The Woman Reader - women's reading through history
We've been in touch with Belinda Jack whose book The Woman Reader has just been published by Yale University Press. It tells the story of women's reading from its earliest origins to the present day. Here's what Belinda has to say:
The history of reading and the power of literacy
We take for granted that we can read more or less anything that we choose. We may have to wait until another reader returns it to the library, or until we can afford to buy it, or while it's shipped from another part of the world, but with a bit of patience we'll be able to read it. It's a great privilege and it hasn't always been like this and it isn't now for a large number of men, and even more so women, in many parts of the world.
The history of reading is to some extent the history of civilisation. Literacy brings power and wealth and these encourage rapid change. The history of women's reading, on the other hand, is more distinctive. For all manner of reasons women have been prevented from reading by being denied literacy or by being denied access to certain books. The South African writer Doris Lessing, makes the point very clearly when describing the importance of free access to books provided by public libraries: 'With a library you are free', she writes, 'not confined by temporary political climates.'
For Lessing, who has lived through one of the most dramatic stories of a regime attempting to deny freedom to the majority, access to books is the most fundamental human right. She goes on to say, of the library, 'It is the most democratic of institutions because no one - but no one at all - can tell you what to read and when and how.' The history of the woman reader is in large part one of societies' attempts to control the freedom Lessing identifies, and women's rebellion against those constraints.
Women's stories of reading
Along the way I've uncovered large numbers of wonderful stories about remarkable women. I begin with women's image-making in the Cro-Magnon caves and end with the digital bookstores of today. The Woman Reader introduces determined female readers of many eras--a Babylonian princess who called for women's voices to be heard, rebellious nuns who wanted to share their writings to travel outside their closed communities, confidantes who corresponded with - and questioned - Reformation theologians, New England mill girls who risked their jobs to smuggle novels into the workplace, Quaker volunteers who taught literacy to women and children on convict ships bound for Australia, and many more.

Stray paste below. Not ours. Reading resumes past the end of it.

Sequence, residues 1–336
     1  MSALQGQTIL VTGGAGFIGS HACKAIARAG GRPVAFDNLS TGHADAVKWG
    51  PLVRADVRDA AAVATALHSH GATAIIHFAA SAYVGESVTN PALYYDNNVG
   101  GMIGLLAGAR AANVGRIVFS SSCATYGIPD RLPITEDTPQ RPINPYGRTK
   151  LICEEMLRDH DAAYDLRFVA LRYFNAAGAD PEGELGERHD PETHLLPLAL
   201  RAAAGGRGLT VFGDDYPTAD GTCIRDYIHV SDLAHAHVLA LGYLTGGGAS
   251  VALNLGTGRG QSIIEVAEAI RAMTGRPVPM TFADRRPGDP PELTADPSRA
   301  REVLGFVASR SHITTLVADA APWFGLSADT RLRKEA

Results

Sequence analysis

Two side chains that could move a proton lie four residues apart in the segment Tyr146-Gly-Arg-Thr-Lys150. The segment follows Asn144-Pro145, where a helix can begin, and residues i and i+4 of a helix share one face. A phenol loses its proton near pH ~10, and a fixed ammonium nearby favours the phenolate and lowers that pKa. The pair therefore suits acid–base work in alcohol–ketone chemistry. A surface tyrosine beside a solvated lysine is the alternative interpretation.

Campaigning for the right to read
Throughout this history there have been remarkable women with a passion for reading and books--women who established libraries and universities, women whose contributions altered the great intellectual debates of their times, women who refused to believe the misogynist arguments against literacy and learning that surrounded them. And in some Muslim countries women are still campaigning for full enfranchisement into reading, and in sub-Saharan Africa, for example, women are still fighting for girls' literacy. My book is finally finished - seven years on - but the story isn't.
About the book
This lively book tells a story never told before: the complete history of women readers and the controversies their reading has inspired since the beginning of the written word. Belinda Jack's groundbreaking volume travels from the Cro-Magnon cave to the digital bookstores of our time, exploring how and what women have read through the ages and across cultures and civilizations.
Today, a new set of distinctions between male and female readers has emerged, and Jack explores such contemporary topics as the commitment of mothers vs. fathers to children's literacy, women's vocal demands for censorship in school libraries, and the impact of women readers in their new status as the prime movers in the world of reading.
About the author
Belinda Jack is Tutorial Fellow in French, Christ Church, University of Oxford. She is the author of George Sand: A Woman's Life Writ Large and Beatrice's Spell. She lives in Oxford.
Read an interview with Belinda Jack.